Wednesday, April 20, 2011

Leaders and Strategy Execution


One of our readings for this week was 'The Secrets to Successful Strategy Execution'(TSSSE). In this blog post, I'm addressing this article and presenting my views about it.



This article, in my opinion, has great insights. I felt a strong relation between this article and another one I had previously read in my 'Organizational Design and Implementation' class - 'What Leaders Really Do'.



'What Leaders Really Do' is written by John P. Kotter and in that article, he explains the difference between a leader and a manager through 3 distinct comparisons.

1. Setting a Direction vs Planning and Budgeting
2. Aligning people vs Organizing and Staffing
3. Motivating People vs Controlling and Problem Solving

As mentioned in TSSSE, the two elements that matter the most for Strategy Execution are

1. Information
2. Decision Rights

The way I envision is that point 2 from Kotter's article relates strongly with both the points of TSSSE. As Kotter explains in his point 1, about setting a direction, the article TSSSE assumes that the Strategy is already developed and the firm and its top executives know which direction they need to steer the company in.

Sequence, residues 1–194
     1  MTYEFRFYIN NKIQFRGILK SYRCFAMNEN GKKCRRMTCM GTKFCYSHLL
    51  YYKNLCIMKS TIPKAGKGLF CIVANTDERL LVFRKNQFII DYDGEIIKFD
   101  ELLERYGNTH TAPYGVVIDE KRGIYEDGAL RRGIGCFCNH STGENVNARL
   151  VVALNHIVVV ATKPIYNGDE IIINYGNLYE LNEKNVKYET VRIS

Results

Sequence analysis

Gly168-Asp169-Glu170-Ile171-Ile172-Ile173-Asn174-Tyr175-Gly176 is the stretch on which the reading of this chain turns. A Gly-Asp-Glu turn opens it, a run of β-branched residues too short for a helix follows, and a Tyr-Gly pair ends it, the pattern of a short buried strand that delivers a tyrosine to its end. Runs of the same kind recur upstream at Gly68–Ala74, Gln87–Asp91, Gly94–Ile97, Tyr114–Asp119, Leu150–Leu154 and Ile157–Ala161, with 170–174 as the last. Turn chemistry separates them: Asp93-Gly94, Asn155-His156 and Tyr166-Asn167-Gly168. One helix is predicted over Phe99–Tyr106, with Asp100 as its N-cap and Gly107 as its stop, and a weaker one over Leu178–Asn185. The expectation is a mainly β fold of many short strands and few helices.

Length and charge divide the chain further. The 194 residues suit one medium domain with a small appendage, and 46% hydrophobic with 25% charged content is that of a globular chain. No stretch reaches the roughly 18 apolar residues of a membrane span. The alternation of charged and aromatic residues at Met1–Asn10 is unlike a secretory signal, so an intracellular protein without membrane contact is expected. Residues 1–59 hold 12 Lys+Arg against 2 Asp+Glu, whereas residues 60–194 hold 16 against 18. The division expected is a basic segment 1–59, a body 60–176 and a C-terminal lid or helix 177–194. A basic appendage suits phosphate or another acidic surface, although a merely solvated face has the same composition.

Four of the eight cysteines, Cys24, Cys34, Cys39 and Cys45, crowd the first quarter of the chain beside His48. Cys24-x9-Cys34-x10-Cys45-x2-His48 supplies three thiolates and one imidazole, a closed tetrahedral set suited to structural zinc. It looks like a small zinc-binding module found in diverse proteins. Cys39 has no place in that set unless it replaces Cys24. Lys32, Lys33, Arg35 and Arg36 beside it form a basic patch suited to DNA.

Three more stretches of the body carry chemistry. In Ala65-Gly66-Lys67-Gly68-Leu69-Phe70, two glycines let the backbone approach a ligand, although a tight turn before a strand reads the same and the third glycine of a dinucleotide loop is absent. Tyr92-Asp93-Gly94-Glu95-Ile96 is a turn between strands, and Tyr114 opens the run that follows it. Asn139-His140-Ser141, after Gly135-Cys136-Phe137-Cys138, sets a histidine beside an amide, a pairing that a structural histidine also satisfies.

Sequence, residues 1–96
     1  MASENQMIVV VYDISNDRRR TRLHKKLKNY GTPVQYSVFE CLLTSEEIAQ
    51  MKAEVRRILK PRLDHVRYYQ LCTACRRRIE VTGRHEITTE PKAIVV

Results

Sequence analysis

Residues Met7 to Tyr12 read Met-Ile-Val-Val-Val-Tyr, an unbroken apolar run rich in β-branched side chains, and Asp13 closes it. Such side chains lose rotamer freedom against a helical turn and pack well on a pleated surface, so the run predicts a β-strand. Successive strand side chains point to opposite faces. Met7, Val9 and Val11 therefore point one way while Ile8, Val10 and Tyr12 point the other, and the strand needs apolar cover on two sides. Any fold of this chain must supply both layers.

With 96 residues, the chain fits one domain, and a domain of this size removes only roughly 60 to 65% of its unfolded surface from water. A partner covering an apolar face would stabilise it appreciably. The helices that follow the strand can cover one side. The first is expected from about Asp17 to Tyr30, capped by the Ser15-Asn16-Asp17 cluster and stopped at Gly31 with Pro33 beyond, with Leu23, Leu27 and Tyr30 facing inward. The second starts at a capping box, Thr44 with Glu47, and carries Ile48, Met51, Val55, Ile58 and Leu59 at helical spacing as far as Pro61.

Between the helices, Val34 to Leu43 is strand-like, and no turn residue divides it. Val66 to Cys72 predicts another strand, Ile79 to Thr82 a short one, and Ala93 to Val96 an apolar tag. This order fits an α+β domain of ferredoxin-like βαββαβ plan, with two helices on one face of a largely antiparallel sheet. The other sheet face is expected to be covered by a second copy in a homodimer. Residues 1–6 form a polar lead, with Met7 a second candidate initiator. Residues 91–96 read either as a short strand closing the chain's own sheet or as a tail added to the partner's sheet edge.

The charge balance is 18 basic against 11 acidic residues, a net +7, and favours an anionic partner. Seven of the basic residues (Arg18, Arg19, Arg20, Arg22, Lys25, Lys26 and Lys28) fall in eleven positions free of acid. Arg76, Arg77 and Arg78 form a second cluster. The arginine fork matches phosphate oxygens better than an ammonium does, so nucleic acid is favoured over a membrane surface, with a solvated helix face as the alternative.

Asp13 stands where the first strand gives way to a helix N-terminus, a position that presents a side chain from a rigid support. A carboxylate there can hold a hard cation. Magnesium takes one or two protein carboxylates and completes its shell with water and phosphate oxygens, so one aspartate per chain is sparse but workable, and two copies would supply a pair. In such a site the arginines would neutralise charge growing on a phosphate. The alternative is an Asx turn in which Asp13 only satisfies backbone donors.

It is at this stage that TSSSE starts out, where the article states that Information and Decision Rights are the most important elements for companies to focus on, to ensure success of strategy - which I would imagine to be a part of 'Aligning People' task in Kotter's article.
As noted in TSSSE, many firms failed at strategy execution as they chose restructuring as the way. I imagine this to be a part of 'Organizing and Staffing' task in Kotter's article which is not a part of Leadership, but is a part of middle management.
Some aspects mentioned in TSSSE also feature in the planning and controlling task from Kotter's article.

I guess the point I'm trying make here is that, as a leader / chief executives in a firm, you are not only entrusted with the task to form a strategy but also to make sure that the firm is positioned in such a way that they can execute the strategy.
The way they can achieve it is by 'Aligning People' - making sure that information is fluid between everyone in the organization and also making sure that decision rights are clarified, amongst other things.
This article has allowed me to further develop a structure for the tasks that a executive of a firm has to do, all the way down to the 17 traits listed in the article.

My question to my classmates is - Do you agree with this connection? Do you also agree with the insights of TSSSE?

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